Let’s face the truth. End users are often dissatisfied with their SharePoint solutions. While promptly fixed technical issues cause only temporary unhappiness, unfriendly design and poor functionality, if left unaddressed, can lead to constant disaffection that will be very hard to overcome, even if the system performs well.
Unfortunately, SharePoint owners and SharePoint support teams prioritize exactly technical troubleshooting and often ignore UI and UX issues, thus leaving behind the most critical factors of SharePoint adoption. What’s worse, users almost never participate in SharePoint support and maintenance activities, which are generally delegated to an IT department exclusively. However, if SharePoint solutions get modified regularly while employees stay unaware of changes, get ready to welcome even heavier user antipathy.
How to Marry SharePoint Support, Maintenance and User Adoption
There are at least two measures that will allow you to make SharePoint support and maintenance an essential part of your SharePoint adoption strategy:
- Rescope SharePoint support and maintenance to extend troubleshooting activities with continuous enhancement of a solution.
- Make SharePoint support and maintenance more user-oriented so that every change is valuable and effective.
Now let’s see how to put these ideas into practice.
Switching From Troubleshooting to a Continuous Improvement of Your SharePoint Solution
Look and feel. SharePoint’s UI and UX are the most disputable sides of the platform. Plain, boring, unattractive and feeble are only a few adjectives attributed to both out-of-the-box and poorly designed or underdeveloped custom SharePoint solutions. For this very reason, SharePoint UI and UX improvements are the first must-haves of your support and maintenance package.
Functional capabilities. SharePoint solutions should solve real tasks and not be a depot for every function that other enterprise solutions couldn’t embrace. Even such core activities as workflow and document management should align with employees’ needs. Thus, if employees require a separate site to collaborate on sensitive documents or a new workflow that involves more stakeholders, you should respond to these needs. This way, expanding a solution’s functionality is the next candidate to join the list of mandatory maintenance activities.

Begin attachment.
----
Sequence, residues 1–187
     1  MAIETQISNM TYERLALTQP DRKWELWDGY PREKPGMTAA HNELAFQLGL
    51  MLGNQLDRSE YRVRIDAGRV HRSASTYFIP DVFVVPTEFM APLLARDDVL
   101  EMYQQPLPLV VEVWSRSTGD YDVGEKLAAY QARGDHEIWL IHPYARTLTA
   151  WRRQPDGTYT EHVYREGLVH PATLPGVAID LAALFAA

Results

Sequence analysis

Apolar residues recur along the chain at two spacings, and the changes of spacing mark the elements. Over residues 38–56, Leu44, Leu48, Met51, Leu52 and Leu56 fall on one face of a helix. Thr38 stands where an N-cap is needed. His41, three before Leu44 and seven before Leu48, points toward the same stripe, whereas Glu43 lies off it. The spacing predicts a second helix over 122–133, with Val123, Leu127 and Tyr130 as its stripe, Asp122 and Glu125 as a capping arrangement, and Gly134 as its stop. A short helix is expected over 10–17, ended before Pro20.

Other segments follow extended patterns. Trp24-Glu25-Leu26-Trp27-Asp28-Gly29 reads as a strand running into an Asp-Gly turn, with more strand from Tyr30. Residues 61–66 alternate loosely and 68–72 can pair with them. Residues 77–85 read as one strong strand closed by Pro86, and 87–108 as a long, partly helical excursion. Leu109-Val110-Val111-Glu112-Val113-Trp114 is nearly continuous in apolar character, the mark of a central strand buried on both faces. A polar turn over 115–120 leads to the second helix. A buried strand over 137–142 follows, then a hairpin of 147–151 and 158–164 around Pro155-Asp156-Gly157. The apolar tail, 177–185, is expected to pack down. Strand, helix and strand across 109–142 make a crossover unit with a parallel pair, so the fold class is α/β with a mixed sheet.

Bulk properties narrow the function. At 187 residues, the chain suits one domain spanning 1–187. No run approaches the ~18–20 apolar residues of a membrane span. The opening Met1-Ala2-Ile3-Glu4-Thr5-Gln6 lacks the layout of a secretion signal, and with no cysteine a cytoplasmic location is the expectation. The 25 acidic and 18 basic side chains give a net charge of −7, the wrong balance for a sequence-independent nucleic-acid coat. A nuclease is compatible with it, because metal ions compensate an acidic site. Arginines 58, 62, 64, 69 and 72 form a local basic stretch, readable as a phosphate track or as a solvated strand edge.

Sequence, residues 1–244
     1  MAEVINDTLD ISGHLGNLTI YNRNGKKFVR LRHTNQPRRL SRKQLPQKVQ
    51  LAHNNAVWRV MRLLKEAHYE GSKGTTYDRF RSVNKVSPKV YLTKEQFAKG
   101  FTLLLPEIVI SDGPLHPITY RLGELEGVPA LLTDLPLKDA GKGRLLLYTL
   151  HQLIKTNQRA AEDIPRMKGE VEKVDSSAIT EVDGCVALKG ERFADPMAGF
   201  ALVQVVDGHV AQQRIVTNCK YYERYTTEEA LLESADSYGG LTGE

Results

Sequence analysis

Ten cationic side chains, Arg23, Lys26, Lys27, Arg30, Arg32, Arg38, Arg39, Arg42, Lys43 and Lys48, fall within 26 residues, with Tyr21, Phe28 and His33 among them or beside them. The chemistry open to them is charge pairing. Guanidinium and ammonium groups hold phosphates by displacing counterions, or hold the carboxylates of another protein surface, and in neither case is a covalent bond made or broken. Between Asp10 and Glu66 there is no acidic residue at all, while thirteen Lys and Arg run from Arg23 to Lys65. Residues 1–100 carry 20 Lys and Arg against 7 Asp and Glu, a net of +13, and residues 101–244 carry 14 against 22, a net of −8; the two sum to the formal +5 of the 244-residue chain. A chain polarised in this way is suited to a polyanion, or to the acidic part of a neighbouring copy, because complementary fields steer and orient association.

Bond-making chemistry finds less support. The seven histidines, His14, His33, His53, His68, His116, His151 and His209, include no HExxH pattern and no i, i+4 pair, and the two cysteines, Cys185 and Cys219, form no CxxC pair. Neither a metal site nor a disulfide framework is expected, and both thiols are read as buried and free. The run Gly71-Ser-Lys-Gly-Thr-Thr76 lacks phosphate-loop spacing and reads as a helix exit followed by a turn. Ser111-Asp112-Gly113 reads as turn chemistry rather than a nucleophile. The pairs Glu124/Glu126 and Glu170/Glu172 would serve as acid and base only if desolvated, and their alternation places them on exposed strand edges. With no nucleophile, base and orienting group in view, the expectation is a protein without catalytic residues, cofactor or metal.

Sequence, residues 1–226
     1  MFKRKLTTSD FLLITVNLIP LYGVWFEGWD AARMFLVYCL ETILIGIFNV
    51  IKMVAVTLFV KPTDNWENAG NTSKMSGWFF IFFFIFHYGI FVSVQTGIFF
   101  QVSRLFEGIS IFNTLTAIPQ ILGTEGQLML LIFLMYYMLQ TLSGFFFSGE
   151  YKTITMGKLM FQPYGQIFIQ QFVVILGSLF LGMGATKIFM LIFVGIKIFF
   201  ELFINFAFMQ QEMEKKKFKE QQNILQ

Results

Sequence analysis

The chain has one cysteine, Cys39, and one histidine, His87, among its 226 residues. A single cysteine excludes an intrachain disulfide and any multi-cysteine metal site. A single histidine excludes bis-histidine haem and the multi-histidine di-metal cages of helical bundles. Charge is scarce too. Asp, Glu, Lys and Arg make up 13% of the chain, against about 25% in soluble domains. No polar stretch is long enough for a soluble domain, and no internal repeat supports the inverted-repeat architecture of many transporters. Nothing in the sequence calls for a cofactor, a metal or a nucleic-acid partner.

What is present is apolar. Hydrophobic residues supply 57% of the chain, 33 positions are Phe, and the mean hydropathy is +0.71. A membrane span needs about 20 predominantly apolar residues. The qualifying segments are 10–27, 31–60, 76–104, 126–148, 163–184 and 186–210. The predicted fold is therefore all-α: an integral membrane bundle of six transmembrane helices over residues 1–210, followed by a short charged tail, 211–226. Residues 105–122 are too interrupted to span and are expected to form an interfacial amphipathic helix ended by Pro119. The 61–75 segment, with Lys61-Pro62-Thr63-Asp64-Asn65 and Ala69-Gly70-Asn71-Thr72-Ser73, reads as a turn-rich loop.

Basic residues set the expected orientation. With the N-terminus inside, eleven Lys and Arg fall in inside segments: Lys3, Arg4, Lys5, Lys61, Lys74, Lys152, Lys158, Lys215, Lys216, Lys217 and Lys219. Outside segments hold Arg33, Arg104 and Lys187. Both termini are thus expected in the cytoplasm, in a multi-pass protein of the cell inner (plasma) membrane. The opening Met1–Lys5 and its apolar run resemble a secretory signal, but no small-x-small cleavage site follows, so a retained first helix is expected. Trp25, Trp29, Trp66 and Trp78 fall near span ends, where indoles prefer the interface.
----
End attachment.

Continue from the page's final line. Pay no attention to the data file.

Integrity of information and processes. Usually, SharePoint is just one of several enterprise solutions that function simultaneously. By integrating SharePoint with other systems, you enable uninterrupted information flows and business processes – that is, if integration is flawless. To ensure this, you should carefully support and tune such working tandems as, for example, SharePoint and CRM or SharePoint and ERP to let employees use the best capabilities of both systems and perform their tasks effectively.
Shift Toward User-Oriented SharePoint Support and Maintenance
If users don’t participate in the evolution of their solution, poor SharePoint adoption will be a logical consequence. However, it is always possible to involve users more actively in SharePoint support following the principle of four I’s.
Investigate through user feedback. To reveal technical issues, you can carry out regular monitoring of SharePoint solutions and deployments. At the same time, it is also highly recommended to get user feedback to detect issues that annoy users or hinder working processes. Users can provide you with valuable insights on the system’s effectiveness, which will let you prioritize support and maintenance activities.
Interact with end users regularly. Apart from gathering user feedback, you can also:
- Offer questionnaires to analyze SharePoint adoption throughout the company.
- Provide collaboration spaces where the SharePoint support team and end users can discuss possible modifications to SharePoint solutions. To avoid endless and chaotic discussions, it can be reasonable to select a limited group of users who will voice the existing issues and talk them over with support specialists.
- Furnish a task management system for users to address support issues and follow their status.
A great plus is that all of these options can be delivered within SharePoint, which will stimulate users to turn to SharePoint on a regular basis.
Implement in a timely fashion. Every improvement is valuable if its implementation is timely. When users wait for a requested feature for months or even years, SharePoint adoption will suffer. You should also avoid accumulating requests. Piling user requests up and solving all the troubles at once is a bad scenario for SharePoint. In this regard, it’s rational to establish a time frame of one to two days for fixing “hot” issues and one to two weeks for delivering critical improvements.
Improve users’ understanding of SharePoint. Finally, user training should be another tradition of your SharePoint support. Sometimes users don’t even know about capabilities of their SharePoint solutions and hardly follow improvements made by the support team, so it’s logical that SharePoint use, in this case, is very limited. While carrying out training sessions, you can present the latest tweaks and teach employees how to use them effectively. Training sessions are also essential for newcomers to understand how a particular system functions and how to use it correctly.
Turn Words Into Action
To ensure SharePoint adoption through SharePoint support and maintenance, you have to take real action. You can start with officially prioritizing the adoption-focused support and maintenance activities in your SharePoint strategy so that your in-house support team sticks to it. You can also improve your service-level agreement and negotiate an extended support package with your service provider.